The Best Abs Exercise Workouts | How To Fit Core Strength Routines Into Your Training
How should you be training your abs and core? What are the best abs exercise workouts? Last week we talked about why training the abs directly is so important. Now let's go into some specifics of the exercises I recommend and how to fit core strength routines into your training.
The Best Abs Exercise Workouts | BIGGEST TAKE AWAYS
In case you don't read the entire article, remember these points when it comes to ab training:
- Train your ability to maintain a great core position (i.e. static holds), and not your ability to flex, extend, rotate or side bend under load. In the long-run, your spine will thank you!
- Work on building endurance first. Then practice some peak-tension drills.
- Do direct ab work in your warm-ups to activate the muscles and practice the optimal positions. A few short sets work well so you don't cause too much fatigue which can limit performance in the bulk of your workout.
- Also do direct ab work near the end of your workout to improve core strength. Pick at least one of the four functions of your abs to train and ensure that by the end of the week, you've done some hard training on all four functions.
- Remember that nearly all exercises have a core component. Strive to maintain neutral posture with strong core engagement in your regular training. Practicing perfect positions consistently will make them become second nature, but it takes constant mental focus during training to avoid bad habits.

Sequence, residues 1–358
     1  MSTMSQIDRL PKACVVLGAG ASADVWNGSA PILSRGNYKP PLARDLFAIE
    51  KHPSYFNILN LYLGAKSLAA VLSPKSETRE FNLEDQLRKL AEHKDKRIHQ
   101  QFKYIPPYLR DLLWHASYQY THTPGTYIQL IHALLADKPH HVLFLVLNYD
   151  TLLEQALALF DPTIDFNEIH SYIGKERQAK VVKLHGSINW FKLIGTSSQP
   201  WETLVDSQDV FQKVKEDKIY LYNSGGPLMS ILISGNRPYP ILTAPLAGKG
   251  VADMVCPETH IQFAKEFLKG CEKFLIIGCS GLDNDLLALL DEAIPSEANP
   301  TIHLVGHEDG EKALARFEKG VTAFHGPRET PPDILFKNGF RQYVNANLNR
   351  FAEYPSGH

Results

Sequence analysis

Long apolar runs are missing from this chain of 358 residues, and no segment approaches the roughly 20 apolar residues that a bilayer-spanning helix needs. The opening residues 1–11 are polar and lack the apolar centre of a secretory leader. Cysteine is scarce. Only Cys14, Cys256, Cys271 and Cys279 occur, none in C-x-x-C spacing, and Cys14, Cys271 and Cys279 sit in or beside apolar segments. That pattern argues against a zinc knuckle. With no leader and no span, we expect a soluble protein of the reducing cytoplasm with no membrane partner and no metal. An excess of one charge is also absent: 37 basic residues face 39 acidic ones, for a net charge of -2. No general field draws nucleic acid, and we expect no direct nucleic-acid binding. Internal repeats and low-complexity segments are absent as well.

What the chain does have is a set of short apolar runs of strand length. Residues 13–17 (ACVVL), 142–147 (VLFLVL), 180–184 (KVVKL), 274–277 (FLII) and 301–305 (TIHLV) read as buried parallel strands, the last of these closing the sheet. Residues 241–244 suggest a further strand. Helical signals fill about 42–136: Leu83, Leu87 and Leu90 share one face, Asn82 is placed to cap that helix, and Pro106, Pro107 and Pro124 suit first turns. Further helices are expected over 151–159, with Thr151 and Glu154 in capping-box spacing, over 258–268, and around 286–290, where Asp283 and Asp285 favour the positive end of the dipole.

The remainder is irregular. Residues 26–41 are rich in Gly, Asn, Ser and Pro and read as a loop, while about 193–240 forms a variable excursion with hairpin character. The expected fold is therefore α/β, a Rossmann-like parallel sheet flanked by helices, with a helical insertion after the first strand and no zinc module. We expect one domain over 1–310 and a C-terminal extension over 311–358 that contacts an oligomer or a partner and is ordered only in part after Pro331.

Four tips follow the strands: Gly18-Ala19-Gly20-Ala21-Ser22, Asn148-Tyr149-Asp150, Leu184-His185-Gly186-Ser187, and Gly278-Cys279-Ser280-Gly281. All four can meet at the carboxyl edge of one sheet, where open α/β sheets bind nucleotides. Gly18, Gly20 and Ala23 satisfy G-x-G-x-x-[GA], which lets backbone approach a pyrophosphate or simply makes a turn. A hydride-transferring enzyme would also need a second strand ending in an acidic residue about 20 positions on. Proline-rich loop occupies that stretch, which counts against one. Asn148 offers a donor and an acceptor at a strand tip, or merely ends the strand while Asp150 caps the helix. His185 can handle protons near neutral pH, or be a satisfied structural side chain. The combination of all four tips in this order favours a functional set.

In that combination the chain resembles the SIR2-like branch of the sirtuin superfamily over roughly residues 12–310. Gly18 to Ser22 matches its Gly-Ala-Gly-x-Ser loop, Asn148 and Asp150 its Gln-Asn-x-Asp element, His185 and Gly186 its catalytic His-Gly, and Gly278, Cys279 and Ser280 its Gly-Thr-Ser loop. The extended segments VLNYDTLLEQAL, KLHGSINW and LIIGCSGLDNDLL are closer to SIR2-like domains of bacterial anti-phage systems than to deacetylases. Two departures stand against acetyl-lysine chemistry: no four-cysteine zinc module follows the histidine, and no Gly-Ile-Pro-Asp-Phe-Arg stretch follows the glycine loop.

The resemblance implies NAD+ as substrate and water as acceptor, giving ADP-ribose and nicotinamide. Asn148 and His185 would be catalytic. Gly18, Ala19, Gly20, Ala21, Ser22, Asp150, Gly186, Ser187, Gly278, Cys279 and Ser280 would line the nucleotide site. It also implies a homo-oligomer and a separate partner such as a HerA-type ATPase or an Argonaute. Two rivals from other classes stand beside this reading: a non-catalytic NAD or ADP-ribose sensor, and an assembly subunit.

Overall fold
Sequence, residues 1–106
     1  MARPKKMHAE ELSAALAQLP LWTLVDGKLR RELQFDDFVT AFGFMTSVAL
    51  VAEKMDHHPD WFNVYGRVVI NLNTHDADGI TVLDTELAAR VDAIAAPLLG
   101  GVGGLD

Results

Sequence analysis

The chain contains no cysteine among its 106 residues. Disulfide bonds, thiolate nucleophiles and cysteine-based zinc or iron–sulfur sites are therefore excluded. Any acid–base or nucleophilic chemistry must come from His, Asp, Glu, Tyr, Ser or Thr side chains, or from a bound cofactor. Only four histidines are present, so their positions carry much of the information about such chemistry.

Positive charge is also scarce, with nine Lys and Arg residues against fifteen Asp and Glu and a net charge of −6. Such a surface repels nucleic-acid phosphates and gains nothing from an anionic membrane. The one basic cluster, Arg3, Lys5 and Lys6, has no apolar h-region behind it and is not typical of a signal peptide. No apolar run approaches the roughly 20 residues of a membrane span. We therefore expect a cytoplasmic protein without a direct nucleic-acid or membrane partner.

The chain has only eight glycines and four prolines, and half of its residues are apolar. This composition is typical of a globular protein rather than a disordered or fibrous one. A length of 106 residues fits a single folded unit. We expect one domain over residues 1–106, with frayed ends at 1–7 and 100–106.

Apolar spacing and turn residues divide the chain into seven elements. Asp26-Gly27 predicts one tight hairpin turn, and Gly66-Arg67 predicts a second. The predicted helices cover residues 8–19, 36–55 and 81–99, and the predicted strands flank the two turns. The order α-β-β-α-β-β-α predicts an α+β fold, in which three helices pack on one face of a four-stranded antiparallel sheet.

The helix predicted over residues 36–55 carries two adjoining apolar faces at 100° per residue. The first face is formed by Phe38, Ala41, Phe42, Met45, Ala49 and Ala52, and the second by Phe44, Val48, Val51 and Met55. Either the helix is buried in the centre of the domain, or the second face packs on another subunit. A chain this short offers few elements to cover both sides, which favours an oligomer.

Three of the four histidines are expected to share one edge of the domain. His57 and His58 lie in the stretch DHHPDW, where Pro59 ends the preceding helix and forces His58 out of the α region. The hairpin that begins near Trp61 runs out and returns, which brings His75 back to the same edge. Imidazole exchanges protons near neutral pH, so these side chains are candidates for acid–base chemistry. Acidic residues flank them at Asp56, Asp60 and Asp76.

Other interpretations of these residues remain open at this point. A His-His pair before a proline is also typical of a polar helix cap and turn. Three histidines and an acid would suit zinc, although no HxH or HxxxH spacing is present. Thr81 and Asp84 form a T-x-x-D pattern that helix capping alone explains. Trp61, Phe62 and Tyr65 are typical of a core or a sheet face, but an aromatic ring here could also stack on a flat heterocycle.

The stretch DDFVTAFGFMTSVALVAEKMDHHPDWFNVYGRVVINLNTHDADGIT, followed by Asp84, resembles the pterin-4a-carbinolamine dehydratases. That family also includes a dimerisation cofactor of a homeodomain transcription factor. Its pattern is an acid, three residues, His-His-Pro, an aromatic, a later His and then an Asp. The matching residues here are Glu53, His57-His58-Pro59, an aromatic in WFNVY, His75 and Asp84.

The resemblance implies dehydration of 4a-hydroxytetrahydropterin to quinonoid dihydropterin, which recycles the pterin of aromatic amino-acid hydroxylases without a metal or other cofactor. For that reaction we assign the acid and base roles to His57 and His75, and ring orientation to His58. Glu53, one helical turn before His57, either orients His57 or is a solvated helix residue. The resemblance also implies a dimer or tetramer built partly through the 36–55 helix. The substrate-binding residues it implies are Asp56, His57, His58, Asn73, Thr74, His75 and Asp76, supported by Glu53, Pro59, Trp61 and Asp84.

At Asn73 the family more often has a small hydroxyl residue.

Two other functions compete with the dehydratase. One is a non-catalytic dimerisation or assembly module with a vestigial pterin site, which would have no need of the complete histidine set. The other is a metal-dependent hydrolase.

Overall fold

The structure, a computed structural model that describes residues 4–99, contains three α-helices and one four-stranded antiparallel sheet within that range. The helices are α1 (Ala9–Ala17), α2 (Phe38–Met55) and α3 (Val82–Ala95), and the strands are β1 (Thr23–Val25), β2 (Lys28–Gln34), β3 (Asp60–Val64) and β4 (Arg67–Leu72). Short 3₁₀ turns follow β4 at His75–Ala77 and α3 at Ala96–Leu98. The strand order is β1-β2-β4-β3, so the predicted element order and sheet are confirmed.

Static Holds & LOADED CARRIES Are Best Starting Point
Research on performance and injury prevention show that exercises like planks are better than moves like crunches. Why?
First off, repeatedly bending the spine under load has been shown to be a mechanism for disk injury. We can confidently say that doing thousands of crunches isn't a hot idea.
Second, our core's biggest job is to stabilize our trunk. In other words, it's supposed to prevent it from moving or bending. We almost never do anything that resembles a sit-up in most athletic movements. When we lift or run we (ideally) maintain a neutral posture while our legs and arms bend and extend to produce force. Our core muscles simply hold us in place to create a stable foundation for the rest of our body to move and do work.
Static holds like planks or L-sit train the abs in this manner, thereby improving carry over to real-world activities. Loaded carries can almost be considered walking planks, since we're stabilizing our core under load and movement.
Train Four Aspects of the Abs
The abs have four main aspects. They prevent us from flexing the spine too much, over-extending the spine, rotating too much, or side bending. The stronger our abs are, the better we'll be able resist being pulled out of a neutral position across these four scenarios.
To train these aspects, we want to think about drills that challenge our capacity to resist flexion, resist extension, resist rotation, and resist side bending. The cool part is that even though there are so many different ab exercises, our main goal is always the same: resist getting pulled out of a strong position.
Here are some examples of effective exercises, starting with easier variations, and moving to more difficult ones.
- Superman hold (make sure you can do at least 2mins).
- Weighted Superman holds, Weighted Hip Extensions on a GHD or 45 degree bench
- Romanian Deadlifts, Deadlifts, Farmers Walks, Sandbag Carries
- Front Plank (make sure you can do at least 90sec) and hollow body holds
- Dead bugs, hollow body holds with straight arm lat pull down, Weighted front planks, Jack Knife of Swiss Ball, Body Saw on Ball or on TRX/Rings.
- L-Sit (while maintaining hold body position), Ab wheel/ab roller, double Kettlebell front rack carries.
Anti-Lateral Flexion (side bending) Progressions:
- Side Plank (make sure you can do at least 90sec/side)